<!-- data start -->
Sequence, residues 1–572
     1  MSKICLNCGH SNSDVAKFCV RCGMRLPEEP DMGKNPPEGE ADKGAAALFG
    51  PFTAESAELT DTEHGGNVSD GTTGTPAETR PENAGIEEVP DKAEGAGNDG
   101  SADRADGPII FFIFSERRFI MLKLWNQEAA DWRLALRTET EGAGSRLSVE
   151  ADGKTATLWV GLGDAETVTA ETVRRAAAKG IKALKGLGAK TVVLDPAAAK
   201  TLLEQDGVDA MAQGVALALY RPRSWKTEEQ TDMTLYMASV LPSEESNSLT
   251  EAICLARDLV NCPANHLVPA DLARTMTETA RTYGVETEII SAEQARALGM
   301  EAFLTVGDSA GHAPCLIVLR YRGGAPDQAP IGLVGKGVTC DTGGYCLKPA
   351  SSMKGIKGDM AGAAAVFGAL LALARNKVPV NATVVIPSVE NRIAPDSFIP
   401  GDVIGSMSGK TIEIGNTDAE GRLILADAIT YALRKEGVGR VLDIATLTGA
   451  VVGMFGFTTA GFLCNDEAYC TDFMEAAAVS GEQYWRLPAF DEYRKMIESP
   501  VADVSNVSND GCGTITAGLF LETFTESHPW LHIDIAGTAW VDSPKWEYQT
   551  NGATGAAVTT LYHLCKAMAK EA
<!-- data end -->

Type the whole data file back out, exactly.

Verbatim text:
Sequence, residues 1–572
     1  MSKICLNCGH SNSDVAKFCV RCGMRLPEEP DMGKNPPEGE ADKGAAALFG
    51  PFTAESAELT DTEHGGNVSD GTTGTPAETR PENAGIEEVP DKAEGAGNDG
   101  SADRADGPII FFIFSERRFI MLKLWNQEAA DWRLALRTET EGAGSRLSVE
   151  ADGKTATLWV GLGDAETVTA ETVRRAAAKG IKALKGLGAK TVVLDPAAAK
   201  TLLEQDGVDA MAQGVALALY RPRSWKTEEQ TDMTLYMASV LPSEESNSLT
   251  EAICLARDLV NCPANHLVPA DLARTMTETA RTYGVETEII SAEQARALGM
   301  EAFLTVGDSA GHAPCLIVLR YRGGAPDQAP IGLVGKGVTC DTGGYCLKPA
   351  SSMKGIKGDM AGAAAVFGAL LALARNKVPV NATVVIPSVE NRIAPDSFIP
   401  GDVIGSMSGK TIEIGNTDAE GRLILADAIT YALRKEGVGR VLDIATLTGA
   451  VVGMFGFTTA GFLCNDEAYC TDFMEAAAVS GEQYWRLPAF DEYRKMIESP
   501  VADVSNVSND GCGTITAGLF LETFTESHPW LHIDIAGTAW VDSPKWEYQT
   551  NGATGAAVTT LYHLCKAMAK EA